This is a web-exclusive article on the theme “Music and worship.” For more stories on this theme, see the July issue of The Mennonite.
“By the rivers of Babylon, there we sat down and there we wept.” —Psalm 137:1
The words of Psalm 137 have scrolled through my mind, almost constantly, over the past weeks. I sit by the waters of the Elkhart River, and I weep.
I weep for a world held captive by COVID-19. I weep for those whose health has been affected and whose livelihood has been compromised by this dreadful virus. I weep as I am reminded daily of the rising death toll across the world.
On a personal level, I mourn the lack of ability to hug my grandchildren, to spend time with friends and especially, to gather to worship with my congregation. What a glorious day that will be when we can be together again, within the walls of College Mennonite Church, here in Goshen, Indiana. I have found myself imagining what anthem our choir might sing to celebrate that joyful reunion and what hymns would fill the rafters of that domed space.
All that was before we started hearing reports about groups singing together. Who would have thought that singing in choirs, or, in congregations, would be unhealthy? It all started when the Skagit Valley Choir in Mount Vernon, Washington, held a rehearsal on March 10. Although they thought they were being cautious about following pandemic procedures, 52 of the 61 singers became infected with the virus and two members died. That’s when we began to hear that singers are super-spreaders of the coronavirus. The deep breathing required for singing causes far more respiratory droplets to be exhaled and aerosolized. It also causes more particles from other singers to be absorbed into our bodies. The aerosol cloud produced by singing can remain up to 12 hours and is redistributed by a building’s air handling system. Even wearing masks doesn’t help entirely since particles can move through fibers.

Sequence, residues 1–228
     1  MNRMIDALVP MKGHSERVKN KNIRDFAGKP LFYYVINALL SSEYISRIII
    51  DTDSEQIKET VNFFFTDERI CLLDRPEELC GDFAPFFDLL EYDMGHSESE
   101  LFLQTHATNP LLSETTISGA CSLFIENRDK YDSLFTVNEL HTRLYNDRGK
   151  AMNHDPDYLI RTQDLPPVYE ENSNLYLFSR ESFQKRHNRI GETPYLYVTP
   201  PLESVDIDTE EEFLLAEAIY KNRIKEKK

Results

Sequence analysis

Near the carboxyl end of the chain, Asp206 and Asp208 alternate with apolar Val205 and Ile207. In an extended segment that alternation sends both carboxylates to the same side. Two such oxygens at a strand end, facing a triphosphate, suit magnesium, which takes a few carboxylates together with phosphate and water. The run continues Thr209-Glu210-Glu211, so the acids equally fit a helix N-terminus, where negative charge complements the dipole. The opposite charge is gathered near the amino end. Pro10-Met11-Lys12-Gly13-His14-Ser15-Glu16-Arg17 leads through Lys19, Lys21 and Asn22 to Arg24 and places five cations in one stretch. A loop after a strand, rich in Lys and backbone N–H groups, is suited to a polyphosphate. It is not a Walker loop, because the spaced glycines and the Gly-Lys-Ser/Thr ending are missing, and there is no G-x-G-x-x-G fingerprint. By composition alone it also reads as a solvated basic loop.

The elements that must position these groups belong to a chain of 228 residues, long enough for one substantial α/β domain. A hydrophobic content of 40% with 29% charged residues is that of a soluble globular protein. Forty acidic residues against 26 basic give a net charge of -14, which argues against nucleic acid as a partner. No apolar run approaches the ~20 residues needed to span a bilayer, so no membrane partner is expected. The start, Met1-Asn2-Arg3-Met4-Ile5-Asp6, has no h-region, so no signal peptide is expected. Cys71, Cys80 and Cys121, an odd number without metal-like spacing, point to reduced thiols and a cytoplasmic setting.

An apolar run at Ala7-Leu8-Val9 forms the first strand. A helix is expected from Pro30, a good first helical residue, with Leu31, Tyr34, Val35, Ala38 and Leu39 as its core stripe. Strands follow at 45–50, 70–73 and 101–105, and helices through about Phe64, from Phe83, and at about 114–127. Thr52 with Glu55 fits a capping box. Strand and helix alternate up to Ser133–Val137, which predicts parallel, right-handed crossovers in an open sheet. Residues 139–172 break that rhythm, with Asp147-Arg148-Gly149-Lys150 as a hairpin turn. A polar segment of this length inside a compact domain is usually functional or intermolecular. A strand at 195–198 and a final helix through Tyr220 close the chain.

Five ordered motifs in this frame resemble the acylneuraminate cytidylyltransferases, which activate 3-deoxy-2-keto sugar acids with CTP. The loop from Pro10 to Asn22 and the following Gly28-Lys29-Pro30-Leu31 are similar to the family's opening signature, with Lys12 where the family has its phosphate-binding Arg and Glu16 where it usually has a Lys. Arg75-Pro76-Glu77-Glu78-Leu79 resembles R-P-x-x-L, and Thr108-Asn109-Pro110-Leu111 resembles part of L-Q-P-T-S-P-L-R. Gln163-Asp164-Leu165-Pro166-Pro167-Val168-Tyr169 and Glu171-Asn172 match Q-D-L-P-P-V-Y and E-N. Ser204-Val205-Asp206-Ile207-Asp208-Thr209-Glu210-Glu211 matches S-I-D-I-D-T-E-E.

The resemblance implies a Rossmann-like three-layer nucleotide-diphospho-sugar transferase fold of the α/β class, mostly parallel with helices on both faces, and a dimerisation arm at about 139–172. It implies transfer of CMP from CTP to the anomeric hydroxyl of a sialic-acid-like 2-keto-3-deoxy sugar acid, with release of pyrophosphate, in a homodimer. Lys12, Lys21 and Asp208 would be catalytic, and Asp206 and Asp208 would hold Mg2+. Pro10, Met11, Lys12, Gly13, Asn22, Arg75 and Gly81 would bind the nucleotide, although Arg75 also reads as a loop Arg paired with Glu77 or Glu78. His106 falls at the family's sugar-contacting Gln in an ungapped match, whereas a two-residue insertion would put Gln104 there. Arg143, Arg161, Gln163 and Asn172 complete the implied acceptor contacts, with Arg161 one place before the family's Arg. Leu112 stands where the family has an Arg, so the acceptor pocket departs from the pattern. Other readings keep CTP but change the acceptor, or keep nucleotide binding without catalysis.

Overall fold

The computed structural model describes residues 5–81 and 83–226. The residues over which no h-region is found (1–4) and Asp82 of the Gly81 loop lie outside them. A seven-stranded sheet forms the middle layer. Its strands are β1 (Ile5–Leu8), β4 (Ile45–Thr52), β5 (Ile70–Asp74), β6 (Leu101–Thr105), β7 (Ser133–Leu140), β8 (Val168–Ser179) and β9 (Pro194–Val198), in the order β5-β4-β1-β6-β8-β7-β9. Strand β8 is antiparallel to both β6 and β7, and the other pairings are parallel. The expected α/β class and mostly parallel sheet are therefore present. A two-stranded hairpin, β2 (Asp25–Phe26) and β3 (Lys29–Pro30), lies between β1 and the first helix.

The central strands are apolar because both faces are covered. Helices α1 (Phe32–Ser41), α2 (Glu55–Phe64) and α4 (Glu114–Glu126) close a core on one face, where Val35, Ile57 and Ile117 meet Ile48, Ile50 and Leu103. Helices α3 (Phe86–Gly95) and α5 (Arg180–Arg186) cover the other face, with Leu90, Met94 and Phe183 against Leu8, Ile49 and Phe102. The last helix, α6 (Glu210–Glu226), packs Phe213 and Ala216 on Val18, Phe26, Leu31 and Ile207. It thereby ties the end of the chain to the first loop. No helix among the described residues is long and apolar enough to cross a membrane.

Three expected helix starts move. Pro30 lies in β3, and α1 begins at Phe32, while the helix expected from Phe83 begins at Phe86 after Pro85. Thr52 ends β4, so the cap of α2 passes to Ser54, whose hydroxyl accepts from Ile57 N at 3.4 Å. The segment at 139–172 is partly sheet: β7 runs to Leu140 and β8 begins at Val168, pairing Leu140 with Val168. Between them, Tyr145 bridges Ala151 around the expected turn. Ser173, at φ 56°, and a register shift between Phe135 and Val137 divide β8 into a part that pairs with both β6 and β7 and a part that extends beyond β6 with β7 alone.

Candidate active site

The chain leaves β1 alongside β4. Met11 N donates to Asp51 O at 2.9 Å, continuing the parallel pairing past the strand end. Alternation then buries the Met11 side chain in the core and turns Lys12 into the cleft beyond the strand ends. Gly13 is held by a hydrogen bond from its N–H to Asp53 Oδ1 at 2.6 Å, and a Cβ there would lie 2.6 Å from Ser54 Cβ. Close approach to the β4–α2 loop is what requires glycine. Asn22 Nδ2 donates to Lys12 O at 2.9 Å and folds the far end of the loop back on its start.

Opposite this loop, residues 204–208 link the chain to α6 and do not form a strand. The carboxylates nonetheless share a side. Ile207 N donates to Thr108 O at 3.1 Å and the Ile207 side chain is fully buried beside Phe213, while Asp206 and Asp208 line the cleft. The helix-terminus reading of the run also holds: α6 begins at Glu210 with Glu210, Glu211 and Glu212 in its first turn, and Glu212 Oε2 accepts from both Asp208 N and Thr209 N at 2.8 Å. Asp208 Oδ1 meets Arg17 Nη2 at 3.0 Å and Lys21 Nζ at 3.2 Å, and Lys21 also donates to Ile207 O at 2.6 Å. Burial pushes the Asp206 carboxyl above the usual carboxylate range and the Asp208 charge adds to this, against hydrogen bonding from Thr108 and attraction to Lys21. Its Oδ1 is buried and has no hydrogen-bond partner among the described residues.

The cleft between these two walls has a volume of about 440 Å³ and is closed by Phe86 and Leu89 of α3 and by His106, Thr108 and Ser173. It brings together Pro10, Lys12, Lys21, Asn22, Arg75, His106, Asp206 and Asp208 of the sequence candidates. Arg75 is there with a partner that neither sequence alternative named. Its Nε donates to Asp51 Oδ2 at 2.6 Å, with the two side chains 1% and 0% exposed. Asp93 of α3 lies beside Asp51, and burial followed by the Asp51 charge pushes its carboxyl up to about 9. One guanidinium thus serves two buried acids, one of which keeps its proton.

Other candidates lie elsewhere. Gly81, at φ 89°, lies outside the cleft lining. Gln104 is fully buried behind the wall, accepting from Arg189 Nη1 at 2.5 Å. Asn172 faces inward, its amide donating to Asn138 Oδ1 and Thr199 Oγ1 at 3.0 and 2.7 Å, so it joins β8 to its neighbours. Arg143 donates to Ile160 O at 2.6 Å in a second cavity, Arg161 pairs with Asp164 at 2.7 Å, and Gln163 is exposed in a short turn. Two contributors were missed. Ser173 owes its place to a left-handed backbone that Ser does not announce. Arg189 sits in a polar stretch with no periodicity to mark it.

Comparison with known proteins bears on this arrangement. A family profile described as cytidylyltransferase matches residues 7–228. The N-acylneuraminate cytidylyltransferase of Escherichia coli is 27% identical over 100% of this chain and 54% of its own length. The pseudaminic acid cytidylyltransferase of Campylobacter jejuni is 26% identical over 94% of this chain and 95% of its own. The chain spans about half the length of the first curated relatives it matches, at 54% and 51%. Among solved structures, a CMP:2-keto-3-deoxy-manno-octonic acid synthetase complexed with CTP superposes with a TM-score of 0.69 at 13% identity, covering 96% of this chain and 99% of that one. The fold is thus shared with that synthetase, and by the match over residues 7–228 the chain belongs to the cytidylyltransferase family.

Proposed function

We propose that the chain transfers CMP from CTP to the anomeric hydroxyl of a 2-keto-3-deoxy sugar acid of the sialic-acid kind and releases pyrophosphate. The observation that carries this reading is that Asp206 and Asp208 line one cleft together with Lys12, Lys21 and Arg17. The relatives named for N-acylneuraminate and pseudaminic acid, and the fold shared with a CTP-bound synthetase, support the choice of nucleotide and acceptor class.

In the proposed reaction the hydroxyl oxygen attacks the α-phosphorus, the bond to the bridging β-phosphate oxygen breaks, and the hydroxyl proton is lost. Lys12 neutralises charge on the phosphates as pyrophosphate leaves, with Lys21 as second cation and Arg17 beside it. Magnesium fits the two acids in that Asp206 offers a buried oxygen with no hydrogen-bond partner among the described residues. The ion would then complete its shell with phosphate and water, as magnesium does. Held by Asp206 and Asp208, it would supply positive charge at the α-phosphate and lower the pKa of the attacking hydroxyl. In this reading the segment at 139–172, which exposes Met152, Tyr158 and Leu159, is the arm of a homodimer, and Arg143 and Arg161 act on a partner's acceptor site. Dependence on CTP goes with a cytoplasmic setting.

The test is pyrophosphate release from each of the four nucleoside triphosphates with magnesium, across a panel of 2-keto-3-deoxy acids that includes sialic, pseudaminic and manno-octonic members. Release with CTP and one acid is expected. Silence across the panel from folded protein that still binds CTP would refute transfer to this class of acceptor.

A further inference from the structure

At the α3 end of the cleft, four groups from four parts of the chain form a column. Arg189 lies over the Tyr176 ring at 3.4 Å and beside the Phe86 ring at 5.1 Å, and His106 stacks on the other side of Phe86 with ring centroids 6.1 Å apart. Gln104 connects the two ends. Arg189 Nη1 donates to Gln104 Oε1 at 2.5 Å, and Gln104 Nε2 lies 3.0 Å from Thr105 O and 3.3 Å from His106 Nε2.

How can this be? The very thing that has the profound ability bring us together into the Lord’s presence has the potential to spread this illness even further.
“How can we sing the Lord’s song in a strange land?” says Psalm 137:4.
Indeed, how can we sing the Lord’s song in the land of the coronavirus, a land where it appears to be harmful for us to sing together?
Congregational singing has been important to Mennonites and Anabaptists since our very foundations. Early Anabaptists supported singing as the only form of music to be utilized during worship chiefly because the New Testament writings did not say anything about using instruments. Perhaps if our forebears had had the scientific data we now possess about the danger of aerosolized particles they might have rethought their views.
These days, I find it comforting to identify with these early believers. During the long history of Anabaptist persecution, songs were created to sustain those enduring these trials. Many of them were compiled in the Ausbund, still in use by our Amish relatives. These songs had to be distributed in secret, and when used in clandestine meetings needed to be sung very quietly to avoid being overheard by those not sympathetic to their beliefs.